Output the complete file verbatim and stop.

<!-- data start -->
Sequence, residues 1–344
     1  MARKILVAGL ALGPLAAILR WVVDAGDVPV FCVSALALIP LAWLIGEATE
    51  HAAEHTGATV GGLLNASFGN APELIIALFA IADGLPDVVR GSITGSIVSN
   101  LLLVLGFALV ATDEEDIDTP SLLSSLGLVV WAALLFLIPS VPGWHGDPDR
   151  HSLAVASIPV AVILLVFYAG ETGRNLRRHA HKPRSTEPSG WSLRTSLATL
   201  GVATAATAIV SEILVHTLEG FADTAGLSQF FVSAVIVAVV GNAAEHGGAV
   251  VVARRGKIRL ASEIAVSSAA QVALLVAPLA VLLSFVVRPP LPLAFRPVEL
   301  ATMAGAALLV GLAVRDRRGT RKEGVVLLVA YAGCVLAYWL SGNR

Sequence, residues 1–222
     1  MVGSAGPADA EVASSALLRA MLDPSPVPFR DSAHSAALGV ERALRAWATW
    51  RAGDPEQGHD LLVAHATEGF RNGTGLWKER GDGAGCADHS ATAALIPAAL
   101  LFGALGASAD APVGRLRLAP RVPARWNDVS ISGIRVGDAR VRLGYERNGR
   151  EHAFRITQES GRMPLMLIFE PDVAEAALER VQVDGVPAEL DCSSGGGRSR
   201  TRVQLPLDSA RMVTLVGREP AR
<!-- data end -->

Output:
Sequence, residues 1–344
     1  MARKILVAGL ALGPLAAILR WVVDAGDVPV FCVSALALIP LAWLIGEATE
    51  HAAEHTGATV GGLLNASFGN APELIIALFA IADGLPDVVR GSITGSIVSN
   101  LLLVLGFALV ATDEEDIDTP SLLSSLGLVV WAALLFLIPS VPGWHGDPDR
   151  HSLAVASIPV AVILLVFYAG ETGRNLRRHA HKPRSTEPSG WSLRTSLATL
   201  GVATAATAIV SEILVHTLEG FADTAGLSQF FVSAVIVAVV GNAAEHGGAV
   251  VVARRGKIRL ASEIAVSSAA QVALLVAPLA VLLSFVVRPP LPLAFRPVEL
   301  ATMAGAALLV GLAVRDRRGT RKEGVVLLVA YAGCVLAYWL SGNR

Sequence, residues 1–222
     1  MVGSAGPADA EVASSALLRA MLDPSPVPFR DSAHSAALGV ERALRAWATW
    51  RAGDPEQGHD LLVAHATEGF RNGTGLWKER GDGAGCADHS ATAALIPAAL
   101  LFGALGASAD APVGRLRLAP RVPARWNDVS ISGIRVGDAR VRLGYERNGR
   151  EHAFRITQES GRMPLMLIFE PDVAEAALER VQVDGVPAEL DCSSGGGRSR
   201  TRVQLPLDSA RMVTLVGREP AR